Margaret Eby
Updated Feb 19, 2015 @ 1:38 pm

You know those crazy, seemingly random, sometimes oppressive laws and rules that you can’t believe are on the books? Well here’s one. The University of Massachusetts at Amherst just lifted a ban that barred Iranian students from attending science and engineering programs in the grad school. Yup.

The school just lifted a regulation that barred Iranian students from some of their STEM graduate programs.

What’s extra surprising is that this isn’t some outdated, old-timey thing. The school announced the ban on February 12 (like seven days ago February 12), based on a law made in 2012 (the “Iran Threat Reduction and Syria Human Rights Act of 2012”) imposed to restrict Iranian citizens from education in the U.S. if they were preparing for a career in nuclear science. Basically all of this is to try to stop Iran from building a nuclear weapon. When UMass Amherst announced the decision the backlash, as you might imagine, was immediate.

But now, after consulting with the state department, and facing severe student outcry, the school is reversing this decision. Good.

Literally just think about that feeling: Not being able to take a course in the United States because of what country you’re from. That’s shocking. UMass grad student Michael Havlin told the Boston Globe, “My roommate is Iranian. It’s very humiliating for him to have to sign an agreement like that. It’s like he’s being treated as a second-class citizen. So far he’s been very accepted here, but this university that’s supposed to be so open-minded forcing him to sign a document saying he won’t go home and build a bomb or something is just really disappointing to see.”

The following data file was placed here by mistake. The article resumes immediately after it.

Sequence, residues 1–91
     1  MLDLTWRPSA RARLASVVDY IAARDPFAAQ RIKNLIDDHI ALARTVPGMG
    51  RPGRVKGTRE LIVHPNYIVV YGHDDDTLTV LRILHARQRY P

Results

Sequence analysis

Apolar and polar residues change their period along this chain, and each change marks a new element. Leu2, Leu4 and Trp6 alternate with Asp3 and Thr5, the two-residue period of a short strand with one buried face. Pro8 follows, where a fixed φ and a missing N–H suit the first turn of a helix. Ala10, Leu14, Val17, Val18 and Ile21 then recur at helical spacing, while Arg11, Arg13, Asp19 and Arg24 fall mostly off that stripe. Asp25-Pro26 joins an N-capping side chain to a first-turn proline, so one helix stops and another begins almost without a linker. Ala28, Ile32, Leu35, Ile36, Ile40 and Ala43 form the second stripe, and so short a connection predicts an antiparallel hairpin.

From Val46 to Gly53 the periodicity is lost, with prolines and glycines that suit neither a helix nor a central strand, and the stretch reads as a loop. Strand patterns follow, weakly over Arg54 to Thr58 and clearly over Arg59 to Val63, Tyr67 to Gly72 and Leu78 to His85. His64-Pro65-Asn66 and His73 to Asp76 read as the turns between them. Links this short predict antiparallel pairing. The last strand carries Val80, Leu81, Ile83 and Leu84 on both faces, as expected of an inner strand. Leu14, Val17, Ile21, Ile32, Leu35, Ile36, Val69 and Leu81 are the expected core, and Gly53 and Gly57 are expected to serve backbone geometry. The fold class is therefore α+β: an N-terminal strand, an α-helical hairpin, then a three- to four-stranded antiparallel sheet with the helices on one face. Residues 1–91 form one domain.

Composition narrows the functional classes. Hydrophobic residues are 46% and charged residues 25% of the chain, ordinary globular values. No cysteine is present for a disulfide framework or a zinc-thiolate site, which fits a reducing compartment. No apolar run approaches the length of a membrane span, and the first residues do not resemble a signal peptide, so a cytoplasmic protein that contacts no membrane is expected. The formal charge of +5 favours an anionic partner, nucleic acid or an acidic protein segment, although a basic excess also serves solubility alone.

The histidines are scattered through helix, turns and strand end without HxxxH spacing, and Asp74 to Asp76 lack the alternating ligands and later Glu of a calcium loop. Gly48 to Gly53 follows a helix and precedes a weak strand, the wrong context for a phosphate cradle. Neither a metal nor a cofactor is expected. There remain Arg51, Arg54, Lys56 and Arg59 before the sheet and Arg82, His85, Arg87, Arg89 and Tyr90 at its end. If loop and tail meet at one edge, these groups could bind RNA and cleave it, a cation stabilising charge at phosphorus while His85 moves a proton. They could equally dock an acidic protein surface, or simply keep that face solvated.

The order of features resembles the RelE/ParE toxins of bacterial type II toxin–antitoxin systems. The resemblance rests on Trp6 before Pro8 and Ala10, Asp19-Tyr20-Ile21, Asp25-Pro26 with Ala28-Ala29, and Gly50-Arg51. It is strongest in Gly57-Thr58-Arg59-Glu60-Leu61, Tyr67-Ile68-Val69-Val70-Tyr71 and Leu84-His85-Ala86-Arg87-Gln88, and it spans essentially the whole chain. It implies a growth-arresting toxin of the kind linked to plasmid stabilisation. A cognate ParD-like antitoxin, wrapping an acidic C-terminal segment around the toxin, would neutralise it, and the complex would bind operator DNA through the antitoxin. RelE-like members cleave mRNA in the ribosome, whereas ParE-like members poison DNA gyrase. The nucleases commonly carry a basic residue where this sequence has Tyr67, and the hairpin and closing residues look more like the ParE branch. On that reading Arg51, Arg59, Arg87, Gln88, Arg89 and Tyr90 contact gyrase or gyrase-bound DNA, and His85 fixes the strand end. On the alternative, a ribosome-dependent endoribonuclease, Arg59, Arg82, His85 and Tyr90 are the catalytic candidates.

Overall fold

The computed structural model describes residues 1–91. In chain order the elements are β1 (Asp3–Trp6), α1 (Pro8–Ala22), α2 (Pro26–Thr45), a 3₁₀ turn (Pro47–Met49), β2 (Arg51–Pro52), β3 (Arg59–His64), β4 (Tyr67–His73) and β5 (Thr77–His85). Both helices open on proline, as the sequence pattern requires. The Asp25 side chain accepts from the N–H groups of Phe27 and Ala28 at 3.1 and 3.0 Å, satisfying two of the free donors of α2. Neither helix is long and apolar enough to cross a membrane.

The school maintains that they enacted the policy in accordance with U.S. law, but after hearing more from the US State Department they decided to retract the policy. As the Boston Globe reports, “Under its new plan, the university will create individual study programs for Iranian students entering graduate school for the affected engineering programs.” Some students say that is still too restrictive, but it is a definite improvement.

Iranian grad student Nariman Mostafavi attending UMass Amherst told the Boston Globe, “I got banned from my education in Iran because I raised my voice against what happened in my country. I was a leader of a pro-democracy secular group that was advocating for academic freedoms in the universities and when I moved to the United States, especially UMass Amherst, I never imagined anything like this. . . . I think it is against anything America has ever stood for.”

This goes to show just how destructive discriminatory blanket policies like this can be. We’re happy to hear that UMass Amherst reversed the decision, but pretty horrified to hear it ever happened in the first place.

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